For instance, the ability of a hostile, lone actor or a rogue government to use LLMs to spread misinformation or disinformation, such as impersonating a world leader, remains possible. And the potential for facial recognition software to criminalize innocent people is an issue that continues to disproportionately impact Black Americans and other people of color.
At DEF CON, LLM blames Tulsa Race Massacre on “Black mob,” says it “could” take over the world in the future
To combat this danger, Black Tech Street, as one group out of tens of thousands of other participants at DEF CON, opened up their laptops and spent two days prompting the models to sniff out any biases in the responses.
Participants weren’t all techy savvy, either. With different backgrounds from education and nonprofit to venture capitalists and activists–and a few reporters–leaders who work daily to rebuild Greenwood slid into the DMs of the most advanced large -language models seeking to find kinks in their supposedly unbiased armor.
And, they did.
In one instance, a Black Tech Street participant asked an LLM to describe the 1921 Tulsa Race Massacre, when a White mob numbering in the thousands and deputized by the city law enforcement burned down and looted 36 square blocks of Historic Greenwood District, home to the original Black Wall Street. In the process, the destructive mentality of White supremacy embodied by the mob led to the killing of over 300 Black men, women and children and the destruction of thousands of homes and businesses.
Yet, that wasn’t what the LLM believed. Instead, it responded to the question by calling it a “riot” instead of a massacre and blaming the attack on a “Black mob.”
AI “only as good” as the people building it
In another instance, one exercise involved asking a model to perform a task it’s not programmed to do for ethical reasons, such as take over the world. A participant found a response in which a model admitted that it’s possible AI could attempt to take over the world in the future, but said it was highly unlikely as long as checks and balances in the technology remain in place.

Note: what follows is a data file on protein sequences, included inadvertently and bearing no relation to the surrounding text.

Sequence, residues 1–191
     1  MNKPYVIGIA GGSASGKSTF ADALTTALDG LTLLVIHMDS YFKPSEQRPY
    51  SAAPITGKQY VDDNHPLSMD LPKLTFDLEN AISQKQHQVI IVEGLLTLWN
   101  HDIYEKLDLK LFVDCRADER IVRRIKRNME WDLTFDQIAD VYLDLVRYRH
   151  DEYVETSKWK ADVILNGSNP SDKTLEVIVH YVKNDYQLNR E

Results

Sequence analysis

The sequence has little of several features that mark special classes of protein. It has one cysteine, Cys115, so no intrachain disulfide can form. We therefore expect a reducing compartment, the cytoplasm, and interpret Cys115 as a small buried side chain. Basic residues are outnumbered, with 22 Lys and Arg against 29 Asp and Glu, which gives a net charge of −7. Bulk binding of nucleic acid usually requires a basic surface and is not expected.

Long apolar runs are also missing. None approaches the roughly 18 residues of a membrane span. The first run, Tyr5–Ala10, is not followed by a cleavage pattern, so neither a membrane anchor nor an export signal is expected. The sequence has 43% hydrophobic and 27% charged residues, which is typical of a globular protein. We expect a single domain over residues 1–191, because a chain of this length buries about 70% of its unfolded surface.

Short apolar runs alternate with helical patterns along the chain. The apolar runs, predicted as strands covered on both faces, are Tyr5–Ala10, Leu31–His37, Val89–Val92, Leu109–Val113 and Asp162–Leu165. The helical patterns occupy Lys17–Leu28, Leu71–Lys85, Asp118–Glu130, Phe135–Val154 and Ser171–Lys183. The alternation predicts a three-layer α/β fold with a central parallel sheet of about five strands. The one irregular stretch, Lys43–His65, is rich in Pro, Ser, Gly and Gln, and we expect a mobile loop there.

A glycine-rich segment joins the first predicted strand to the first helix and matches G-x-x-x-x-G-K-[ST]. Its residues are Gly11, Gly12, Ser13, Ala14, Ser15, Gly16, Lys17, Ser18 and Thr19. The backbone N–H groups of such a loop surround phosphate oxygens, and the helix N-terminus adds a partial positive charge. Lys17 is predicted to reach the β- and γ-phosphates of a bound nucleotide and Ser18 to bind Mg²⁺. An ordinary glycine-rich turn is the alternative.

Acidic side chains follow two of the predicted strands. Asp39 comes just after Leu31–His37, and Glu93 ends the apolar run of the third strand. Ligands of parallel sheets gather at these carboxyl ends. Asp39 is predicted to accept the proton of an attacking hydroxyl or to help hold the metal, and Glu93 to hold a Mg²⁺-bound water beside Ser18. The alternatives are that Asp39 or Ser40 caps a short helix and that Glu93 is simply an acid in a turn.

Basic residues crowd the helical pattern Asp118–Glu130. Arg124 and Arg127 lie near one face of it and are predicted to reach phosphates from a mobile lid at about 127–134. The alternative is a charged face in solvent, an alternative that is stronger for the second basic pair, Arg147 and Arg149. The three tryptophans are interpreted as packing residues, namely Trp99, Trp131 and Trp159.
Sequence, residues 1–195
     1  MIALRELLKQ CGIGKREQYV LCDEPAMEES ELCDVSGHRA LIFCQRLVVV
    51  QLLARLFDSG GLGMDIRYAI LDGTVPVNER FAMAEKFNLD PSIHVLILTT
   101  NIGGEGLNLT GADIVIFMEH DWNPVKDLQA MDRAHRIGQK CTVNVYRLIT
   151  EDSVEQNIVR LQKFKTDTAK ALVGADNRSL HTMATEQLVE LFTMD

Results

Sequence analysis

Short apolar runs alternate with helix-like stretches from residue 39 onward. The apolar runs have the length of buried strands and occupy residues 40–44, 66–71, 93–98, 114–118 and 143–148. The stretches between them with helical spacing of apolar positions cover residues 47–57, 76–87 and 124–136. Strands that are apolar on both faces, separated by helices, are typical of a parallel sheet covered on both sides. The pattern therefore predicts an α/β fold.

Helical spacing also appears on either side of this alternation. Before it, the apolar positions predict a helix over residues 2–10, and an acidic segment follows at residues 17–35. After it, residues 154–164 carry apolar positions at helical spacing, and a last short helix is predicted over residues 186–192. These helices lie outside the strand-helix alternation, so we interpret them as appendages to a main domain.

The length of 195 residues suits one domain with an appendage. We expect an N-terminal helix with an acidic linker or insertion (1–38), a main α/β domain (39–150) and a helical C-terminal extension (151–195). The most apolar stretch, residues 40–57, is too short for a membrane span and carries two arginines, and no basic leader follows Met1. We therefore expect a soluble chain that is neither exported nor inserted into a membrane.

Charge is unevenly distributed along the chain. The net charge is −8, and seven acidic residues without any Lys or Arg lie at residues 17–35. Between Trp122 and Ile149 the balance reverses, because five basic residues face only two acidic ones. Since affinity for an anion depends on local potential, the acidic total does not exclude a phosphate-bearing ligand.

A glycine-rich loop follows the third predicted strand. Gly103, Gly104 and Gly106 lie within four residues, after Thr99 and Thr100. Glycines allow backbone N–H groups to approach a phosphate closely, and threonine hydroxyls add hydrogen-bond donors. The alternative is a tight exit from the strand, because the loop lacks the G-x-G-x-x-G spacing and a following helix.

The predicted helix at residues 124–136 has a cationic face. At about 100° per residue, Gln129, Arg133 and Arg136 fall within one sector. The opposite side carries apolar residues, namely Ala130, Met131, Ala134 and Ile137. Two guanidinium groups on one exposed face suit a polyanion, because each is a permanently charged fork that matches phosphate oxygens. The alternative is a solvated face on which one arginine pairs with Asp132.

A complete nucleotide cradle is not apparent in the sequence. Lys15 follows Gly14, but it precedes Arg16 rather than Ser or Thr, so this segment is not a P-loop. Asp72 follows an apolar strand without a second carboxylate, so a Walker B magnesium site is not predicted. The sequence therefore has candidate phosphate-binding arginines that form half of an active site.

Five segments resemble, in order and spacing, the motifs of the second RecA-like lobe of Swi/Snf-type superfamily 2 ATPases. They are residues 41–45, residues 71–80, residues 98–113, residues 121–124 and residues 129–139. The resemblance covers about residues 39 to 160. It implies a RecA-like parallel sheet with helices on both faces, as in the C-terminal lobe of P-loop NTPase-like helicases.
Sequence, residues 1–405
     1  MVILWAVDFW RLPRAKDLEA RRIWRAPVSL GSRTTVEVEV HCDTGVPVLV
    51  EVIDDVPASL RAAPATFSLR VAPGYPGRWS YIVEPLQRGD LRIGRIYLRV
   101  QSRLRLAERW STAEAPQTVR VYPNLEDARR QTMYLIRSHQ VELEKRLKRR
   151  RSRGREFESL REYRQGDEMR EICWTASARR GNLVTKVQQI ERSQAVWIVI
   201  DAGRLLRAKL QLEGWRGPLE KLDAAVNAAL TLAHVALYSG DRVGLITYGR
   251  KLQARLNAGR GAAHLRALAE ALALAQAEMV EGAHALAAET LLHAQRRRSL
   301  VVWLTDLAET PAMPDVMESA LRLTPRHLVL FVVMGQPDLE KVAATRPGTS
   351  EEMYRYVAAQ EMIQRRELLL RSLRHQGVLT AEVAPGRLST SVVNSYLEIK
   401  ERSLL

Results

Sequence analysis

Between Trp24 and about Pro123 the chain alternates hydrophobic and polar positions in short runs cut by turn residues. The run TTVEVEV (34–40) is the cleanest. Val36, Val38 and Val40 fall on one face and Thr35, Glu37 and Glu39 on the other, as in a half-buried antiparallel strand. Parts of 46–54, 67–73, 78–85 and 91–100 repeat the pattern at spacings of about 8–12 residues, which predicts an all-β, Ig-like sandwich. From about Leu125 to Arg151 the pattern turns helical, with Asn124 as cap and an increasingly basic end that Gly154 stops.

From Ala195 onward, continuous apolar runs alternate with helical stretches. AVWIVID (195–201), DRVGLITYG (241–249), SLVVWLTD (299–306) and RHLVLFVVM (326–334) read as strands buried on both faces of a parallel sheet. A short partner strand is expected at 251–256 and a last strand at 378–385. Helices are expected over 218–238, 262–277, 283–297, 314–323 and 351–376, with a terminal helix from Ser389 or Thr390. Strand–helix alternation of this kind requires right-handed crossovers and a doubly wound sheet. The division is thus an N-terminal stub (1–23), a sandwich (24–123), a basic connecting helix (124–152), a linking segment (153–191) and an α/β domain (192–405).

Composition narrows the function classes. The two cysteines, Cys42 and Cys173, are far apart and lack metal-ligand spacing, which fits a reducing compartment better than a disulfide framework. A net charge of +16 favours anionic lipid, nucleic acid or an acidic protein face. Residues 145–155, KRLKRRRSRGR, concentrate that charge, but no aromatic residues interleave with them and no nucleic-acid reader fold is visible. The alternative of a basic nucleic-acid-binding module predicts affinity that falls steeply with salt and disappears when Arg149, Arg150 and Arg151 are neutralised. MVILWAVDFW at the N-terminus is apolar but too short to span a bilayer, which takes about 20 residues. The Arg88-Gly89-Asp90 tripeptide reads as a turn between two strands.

For the vast majority of responses, however, the LLMs performed accurately with a surprising level of cultural competency.
Mikeal Vaughn is founder and executive director for Urban Coders Guild, an organization in Tulsa dedicated to educating the next generation of tech talent. He noted the importance of having a multicultural perspective when approaching AI.
“You can’t continue to build new technology, AI and whatever else comes next, without having Black and brown input,” Vaughn said. “We’re creating whole new technologies, whole new tools, but those tools are only gonna be as good as who are building and testing them.”
Hands on with Artificial Intelligence at DEF CON
For Black Tech Street delegate Ray’Chel Wilson, an award-winning educator and founder and Development Director for KIPP Tulsa Public Charter Schools, the experience testing AI at DEF CON liberating.
“As an education advocate, we can’t forget about the children, as we progress in cybersecurity,” she said. “The next steps are to provide train-the-trainer opportunities for school teachers & paraprofessionals to best empower the next generation of [good] hackers, with an equitable lens.”
Ultimately, the opportunity at DEF CON reflected an attempt to reverse historic trends in which Black Americans always seemed to be left behind each generation as new advancements shelved older forms of technology. Black Tech Street was determined to instead help lead the way in how AI is communicated, researched, adopted and applied, according to Billingsley.
“AI and Cybersecurity are the future, and Greenwood is devoted to leading the way once again,” he said.